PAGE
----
**Question.** Is there a *concrete* example of a bounded linear operator on a Hilbert space for which it is not known if it has a non-trivial closed invariant subspace?

[Added 24.01.2011: According to Bernard Beauzamy (*Introduction to Operator Theory and Invariant Subspaces*, Elsevier (1988), p. 345),

the operator which is "closest" to a counter-example is the one built by the present author: it has one hypercyclic point $x_0$, and for every polynomial $p$ with complex coefficients, $p(T)x_0$ is also hypercyclic. Therefore, the operator has a vector space of hypercyclic points (thus solving a question raised by P. Halmos), but it may still have points which are not cyclic at all, thus having Invariant Subspaces.

Beauzamy refers to his manuscript *"The orbits of a linear operator"*. I have not been able to find an electronic version of this manuscript (or paper) online. Does anyone know where one may find a description of the example? Is it presently known whether the operator in Beauzamy's example has an invariant subspace?]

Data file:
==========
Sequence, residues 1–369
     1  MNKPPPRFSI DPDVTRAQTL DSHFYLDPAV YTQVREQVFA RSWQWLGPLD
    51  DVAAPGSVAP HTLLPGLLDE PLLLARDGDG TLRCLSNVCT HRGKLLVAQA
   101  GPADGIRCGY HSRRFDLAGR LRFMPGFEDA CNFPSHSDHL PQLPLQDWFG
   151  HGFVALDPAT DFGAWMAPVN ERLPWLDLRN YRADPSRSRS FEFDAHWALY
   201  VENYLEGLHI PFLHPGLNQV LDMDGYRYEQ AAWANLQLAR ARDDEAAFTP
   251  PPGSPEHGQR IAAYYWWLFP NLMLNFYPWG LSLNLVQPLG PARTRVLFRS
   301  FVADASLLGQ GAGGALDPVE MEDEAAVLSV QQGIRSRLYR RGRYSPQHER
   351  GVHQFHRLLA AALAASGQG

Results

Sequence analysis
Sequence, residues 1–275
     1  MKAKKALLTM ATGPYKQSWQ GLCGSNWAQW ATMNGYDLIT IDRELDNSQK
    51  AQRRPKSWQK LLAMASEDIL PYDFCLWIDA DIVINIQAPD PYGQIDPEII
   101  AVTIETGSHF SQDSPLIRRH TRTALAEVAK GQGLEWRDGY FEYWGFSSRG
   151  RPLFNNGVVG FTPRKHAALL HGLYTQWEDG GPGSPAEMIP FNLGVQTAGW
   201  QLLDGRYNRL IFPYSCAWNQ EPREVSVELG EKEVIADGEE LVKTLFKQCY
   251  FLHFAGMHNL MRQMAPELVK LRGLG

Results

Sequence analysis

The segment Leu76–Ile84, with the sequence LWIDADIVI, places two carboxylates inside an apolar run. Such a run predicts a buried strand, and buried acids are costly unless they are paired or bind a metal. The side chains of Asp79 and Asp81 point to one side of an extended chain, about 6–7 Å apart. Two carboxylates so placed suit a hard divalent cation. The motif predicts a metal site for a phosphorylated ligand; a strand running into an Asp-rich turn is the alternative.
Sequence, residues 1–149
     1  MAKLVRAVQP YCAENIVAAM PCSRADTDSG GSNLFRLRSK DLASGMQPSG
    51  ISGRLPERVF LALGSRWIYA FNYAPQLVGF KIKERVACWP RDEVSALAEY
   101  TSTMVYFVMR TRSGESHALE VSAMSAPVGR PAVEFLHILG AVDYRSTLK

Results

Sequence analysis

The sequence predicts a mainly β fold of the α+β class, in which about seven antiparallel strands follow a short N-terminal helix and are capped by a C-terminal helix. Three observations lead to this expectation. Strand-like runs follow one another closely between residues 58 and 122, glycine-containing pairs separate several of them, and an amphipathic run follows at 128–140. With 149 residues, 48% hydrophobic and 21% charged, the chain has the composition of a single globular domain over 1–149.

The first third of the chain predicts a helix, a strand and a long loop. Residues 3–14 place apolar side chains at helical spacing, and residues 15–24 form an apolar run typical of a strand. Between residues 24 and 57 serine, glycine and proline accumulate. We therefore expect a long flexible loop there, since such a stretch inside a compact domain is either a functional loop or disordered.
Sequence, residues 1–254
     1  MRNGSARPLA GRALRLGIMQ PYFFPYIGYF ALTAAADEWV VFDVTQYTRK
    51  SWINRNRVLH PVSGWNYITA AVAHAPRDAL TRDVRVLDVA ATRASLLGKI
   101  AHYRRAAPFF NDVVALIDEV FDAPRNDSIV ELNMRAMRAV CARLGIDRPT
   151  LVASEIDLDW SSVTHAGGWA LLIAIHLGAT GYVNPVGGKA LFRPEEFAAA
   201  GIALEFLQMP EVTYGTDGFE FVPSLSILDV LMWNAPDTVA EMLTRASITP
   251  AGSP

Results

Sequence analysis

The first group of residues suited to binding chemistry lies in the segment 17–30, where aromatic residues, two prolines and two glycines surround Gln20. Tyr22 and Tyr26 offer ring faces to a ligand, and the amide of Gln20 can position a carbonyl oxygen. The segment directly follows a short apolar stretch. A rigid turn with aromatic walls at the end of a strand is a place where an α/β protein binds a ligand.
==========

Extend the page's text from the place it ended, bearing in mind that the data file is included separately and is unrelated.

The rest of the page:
concrete, but not its invariant subspaces. $\endgroup$ – David Feldman Dec 20 '10 at 8:31Bergman spaceof analytic functions on the unit disc $D = \{ |z|<1 \}$, with squared norm the area integral $\| f \|^2 = \frac{1}{\pi}\int\int_D |f(z)|^2 dA(z)$, and the linear operator $M$ is just $(Mf)(z) = z f(z)$. Similarly to David Feldman's comment, it is not $M$ itself, but the restriction of $M$ to subspaces, which is important; but the subspaces themselves have no simple description. $\endgroup$ – Zen Harper Jan 6 '11 at 1:22